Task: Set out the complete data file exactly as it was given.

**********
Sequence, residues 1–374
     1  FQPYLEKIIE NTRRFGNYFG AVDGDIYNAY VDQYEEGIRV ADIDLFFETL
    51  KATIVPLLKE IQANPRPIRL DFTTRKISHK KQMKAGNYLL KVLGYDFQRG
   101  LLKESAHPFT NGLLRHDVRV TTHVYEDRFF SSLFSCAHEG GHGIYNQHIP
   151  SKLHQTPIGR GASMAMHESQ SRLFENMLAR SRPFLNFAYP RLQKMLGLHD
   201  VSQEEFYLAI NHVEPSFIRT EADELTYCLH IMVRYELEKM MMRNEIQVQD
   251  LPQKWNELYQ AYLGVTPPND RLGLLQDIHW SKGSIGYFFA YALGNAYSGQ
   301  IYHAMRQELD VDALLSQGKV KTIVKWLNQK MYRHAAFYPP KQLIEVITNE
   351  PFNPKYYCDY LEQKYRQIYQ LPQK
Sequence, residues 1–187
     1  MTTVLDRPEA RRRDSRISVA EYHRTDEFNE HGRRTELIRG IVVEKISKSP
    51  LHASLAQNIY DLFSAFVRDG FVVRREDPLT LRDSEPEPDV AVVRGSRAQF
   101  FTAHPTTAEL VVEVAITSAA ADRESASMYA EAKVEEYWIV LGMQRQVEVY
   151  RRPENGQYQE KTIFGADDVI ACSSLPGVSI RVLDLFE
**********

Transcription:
Sequence, residues 1–374
     1  FQPYLEKIIE NTRRFGNYFG AVDGDIYNAY VDQYEEGIRV ADIDLFFETL
    51  KATIVPLLKE IQANPRPIRL DFTTRKISHK KQMKAGNYLL KVLGYDFQRG
   101  LLKESAHPFT NGLLRHDVRV TTHVYEDRFF SSLFSCAHEG GHGIYNQHIP
   151  SKLHQTPIGR GASMAMHESQ SRLFENMLAR SRPFLNFAYP RLQKMLGLHD
   201  VSQEEFYLAI NHVEPSFIRT EADELTYCLH IMVRYELEKM MMRNEIQVQD
   251  LPQKWNELYQ AYLGVTPPND RLGLLQDIHW SKGSIGYFFA YALGNAYSGQ
   301  IYHAMRQELD VDALLSQGKV KTIVKWLNQK MYRHAAFYPP KQLIEVITNE
   351  PFNPKYYCDY LEQKYRQIYQ LPQK
Sequence, residues 1–187
     1  MTTVLDRPEA RRRDSRISVA EYHRTDEFNE HGRRTELIRG IVVEKISKSP
    51  LHASLAQNIY DLFSAFVRDG FVVRREDPLT LRDSEPEPDV AVVRGSRAQF
   101  FTAHPTTAEL VVEVAITSAA ADRESASMYA EAKVEEYWIV LGMQRQVEVY
   151  RRPENGQYQE KTIFGADDVI ACSSLPGVSI RVLDLFE